Based in Sydney, Australia, Foundry is a blog by Rebecca Thao. Her posts explore modern architecture through photos and quotes by influential architects, engineers, and artists.

A Few Thoughts On Black Gay Privilege

There is an ongoing debate about the concept of black gay privilege.  Princeton University researcher David S. Pedulla released a study earlier this year that suggested gay black men also reap the benefits of societal privilege.  Because black gay men are perceived to be less threatening than straight black men, they are often offered better job opportunities and higher salaries.

That’s great, right? I don’t have to worry about facing the same stereotypes as other black men because my sexuality makes me less threatening.  Fantastic! No discrimination for me.  I feel sorry for the straight black guys because they have a lifetime of prejudice, shitty jobs, and low salaries ahead.

Wrong.  There’s so much stereotyping going on here, I don’t know where to begin.  First, what is it that makes straight black men threatening? Only inaccurate pre-conceived notions, otherwise known as racism or bigotry, could define an entire race and gender of people as threatening.  Ignorance leads to fear.  This study would suggest that all employers automatically assume that black men will be threatening employees-angry, brute, and unprofessional.

Gay black men come in all shapes and sizes.  Not all of us are obviously gay meaning that some of us could fall prey to the same prejudice that affects our straight counterparts.  Being gay does not equal femininity.  We are not all one person, and I refuse to accept that the theory presented in this study is true.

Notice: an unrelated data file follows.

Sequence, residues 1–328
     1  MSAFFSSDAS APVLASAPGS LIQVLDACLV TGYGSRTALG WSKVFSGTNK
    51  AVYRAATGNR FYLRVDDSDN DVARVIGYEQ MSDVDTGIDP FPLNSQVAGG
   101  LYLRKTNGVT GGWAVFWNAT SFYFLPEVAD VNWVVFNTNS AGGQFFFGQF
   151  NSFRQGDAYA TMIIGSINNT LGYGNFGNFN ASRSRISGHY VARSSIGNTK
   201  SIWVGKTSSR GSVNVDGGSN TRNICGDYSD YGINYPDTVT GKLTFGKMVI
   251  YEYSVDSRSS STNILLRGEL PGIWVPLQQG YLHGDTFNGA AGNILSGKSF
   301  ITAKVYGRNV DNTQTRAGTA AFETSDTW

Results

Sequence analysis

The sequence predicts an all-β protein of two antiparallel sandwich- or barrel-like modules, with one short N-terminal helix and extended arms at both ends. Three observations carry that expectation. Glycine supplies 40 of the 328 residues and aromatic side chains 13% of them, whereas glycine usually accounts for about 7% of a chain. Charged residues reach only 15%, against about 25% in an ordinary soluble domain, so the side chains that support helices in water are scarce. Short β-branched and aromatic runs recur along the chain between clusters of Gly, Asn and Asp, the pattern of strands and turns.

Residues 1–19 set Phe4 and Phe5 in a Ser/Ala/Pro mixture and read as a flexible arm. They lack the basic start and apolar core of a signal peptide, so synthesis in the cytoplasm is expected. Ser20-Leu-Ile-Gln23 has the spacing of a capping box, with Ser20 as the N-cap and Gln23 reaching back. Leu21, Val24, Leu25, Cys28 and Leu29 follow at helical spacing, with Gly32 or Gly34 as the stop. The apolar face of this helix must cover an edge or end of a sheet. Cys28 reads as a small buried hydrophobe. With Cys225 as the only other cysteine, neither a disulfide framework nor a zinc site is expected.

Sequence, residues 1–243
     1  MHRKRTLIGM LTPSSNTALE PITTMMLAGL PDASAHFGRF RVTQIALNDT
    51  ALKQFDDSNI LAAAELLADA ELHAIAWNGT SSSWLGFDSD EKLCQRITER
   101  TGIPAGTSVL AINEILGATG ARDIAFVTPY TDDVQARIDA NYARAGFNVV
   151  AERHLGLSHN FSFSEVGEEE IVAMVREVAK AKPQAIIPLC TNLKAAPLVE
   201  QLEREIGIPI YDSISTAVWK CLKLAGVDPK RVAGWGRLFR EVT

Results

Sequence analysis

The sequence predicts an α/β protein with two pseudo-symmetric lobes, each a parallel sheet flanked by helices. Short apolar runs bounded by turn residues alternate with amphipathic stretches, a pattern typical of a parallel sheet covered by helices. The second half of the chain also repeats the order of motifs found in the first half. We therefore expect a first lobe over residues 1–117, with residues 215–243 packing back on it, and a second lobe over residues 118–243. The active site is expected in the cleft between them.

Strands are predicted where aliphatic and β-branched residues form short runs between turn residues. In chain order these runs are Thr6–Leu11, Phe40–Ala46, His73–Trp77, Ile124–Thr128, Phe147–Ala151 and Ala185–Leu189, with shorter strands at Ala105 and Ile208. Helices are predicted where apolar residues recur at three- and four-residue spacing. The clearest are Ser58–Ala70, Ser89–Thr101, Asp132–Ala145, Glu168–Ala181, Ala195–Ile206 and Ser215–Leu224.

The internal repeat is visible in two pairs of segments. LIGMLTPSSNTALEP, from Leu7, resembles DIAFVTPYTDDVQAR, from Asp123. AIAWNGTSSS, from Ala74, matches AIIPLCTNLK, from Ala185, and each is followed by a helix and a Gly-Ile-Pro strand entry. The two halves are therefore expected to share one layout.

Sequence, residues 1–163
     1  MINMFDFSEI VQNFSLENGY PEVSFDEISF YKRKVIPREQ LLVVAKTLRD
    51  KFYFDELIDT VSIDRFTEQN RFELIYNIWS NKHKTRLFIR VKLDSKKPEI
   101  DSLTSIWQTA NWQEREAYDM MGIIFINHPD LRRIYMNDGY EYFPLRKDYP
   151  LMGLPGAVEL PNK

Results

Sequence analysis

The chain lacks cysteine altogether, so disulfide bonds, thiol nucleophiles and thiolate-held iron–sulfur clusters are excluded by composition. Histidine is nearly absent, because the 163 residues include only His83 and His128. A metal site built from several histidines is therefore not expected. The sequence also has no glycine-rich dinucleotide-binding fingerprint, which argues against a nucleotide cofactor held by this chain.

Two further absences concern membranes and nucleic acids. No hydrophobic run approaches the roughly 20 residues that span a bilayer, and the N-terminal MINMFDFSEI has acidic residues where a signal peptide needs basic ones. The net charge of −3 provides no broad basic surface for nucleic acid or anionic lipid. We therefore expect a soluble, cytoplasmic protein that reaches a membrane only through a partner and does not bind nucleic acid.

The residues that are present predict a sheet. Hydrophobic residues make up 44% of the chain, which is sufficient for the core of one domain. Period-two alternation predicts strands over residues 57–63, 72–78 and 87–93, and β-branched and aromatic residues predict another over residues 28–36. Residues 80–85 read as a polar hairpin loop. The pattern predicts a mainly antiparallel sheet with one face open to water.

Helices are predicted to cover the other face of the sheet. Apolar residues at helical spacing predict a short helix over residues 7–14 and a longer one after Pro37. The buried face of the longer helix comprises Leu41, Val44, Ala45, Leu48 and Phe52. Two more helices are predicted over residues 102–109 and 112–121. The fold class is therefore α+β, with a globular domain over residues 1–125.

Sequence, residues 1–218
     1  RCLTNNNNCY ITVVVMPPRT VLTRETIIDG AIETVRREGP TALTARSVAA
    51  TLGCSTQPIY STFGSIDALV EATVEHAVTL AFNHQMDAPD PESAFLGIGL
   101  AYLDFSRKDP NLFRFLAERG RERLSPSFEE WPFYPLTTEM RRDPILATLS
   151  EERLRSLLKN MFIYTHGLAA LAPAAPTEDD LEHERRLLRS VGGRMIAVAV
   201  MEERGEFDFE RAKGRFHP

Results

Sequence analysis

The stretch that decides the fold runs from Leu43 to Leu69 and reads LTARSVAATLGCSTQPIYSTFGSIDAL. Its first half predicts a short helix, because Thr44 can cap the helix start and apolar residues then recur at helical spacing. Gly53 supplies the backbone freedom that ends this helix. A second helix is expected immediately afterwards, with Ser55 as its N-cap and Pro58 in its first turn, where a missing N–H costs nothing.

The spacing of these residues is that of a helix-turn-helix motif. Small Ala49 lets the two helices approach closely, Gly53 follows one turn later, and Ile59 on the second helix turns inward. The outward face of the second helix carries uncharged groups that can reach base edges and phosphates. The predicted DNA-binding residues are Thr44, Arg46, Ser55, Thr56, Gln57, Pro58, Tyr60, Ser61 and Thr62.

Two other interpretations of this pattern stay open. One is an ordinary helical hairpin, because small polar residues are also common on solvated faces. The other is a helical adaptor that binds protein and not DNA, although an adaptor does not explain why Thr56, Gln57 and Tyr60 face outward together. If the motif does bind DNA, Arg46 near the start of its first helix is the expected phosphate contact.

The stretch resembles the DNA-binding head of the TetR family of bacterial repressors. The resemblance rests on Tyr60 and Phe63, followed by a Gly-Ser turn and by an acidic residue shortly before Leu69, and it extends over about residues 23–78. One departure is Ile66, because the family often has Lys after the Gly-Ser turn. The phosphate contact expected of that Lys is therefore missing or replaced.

If there’s a gay black privilege, my bank account sure didn’t know it the first 5 years I was living in New York.  I like to think that my uncompromised work ethic and natural skill led me to higher ranking positions and better salaries later in my career.  I didn’t catch any breaks for being both black and gay.  But I didn’t face any discrimination either.  At a time when both black people and gay people are still fighting for true equality, to say that gay black privilege exists gives us far too much credit as a nation.  We are not evolved enough for this phenomenon to exist.  We haven’t satisfied the basic requirements of equality.  Isn’t equality a prerequisite for privilege?

I’m not denying that prejudice exists.  It’s out there for all of us.  For the black men.  For the gay men.  For us all.  But the notion that any of this has helped me get ahead faster is just ridiculous.  Black gay privilege does not exist.  And the acknowledgment of this study is only further supportive of stereotypes and deep-rooted racism.  If you truly believe in equality, then this study has no place in our society.  There’s already enough bigotry in the world without trying to hide it under the guise of educational research.

Dear Unfunny Comic

The Year of Shame

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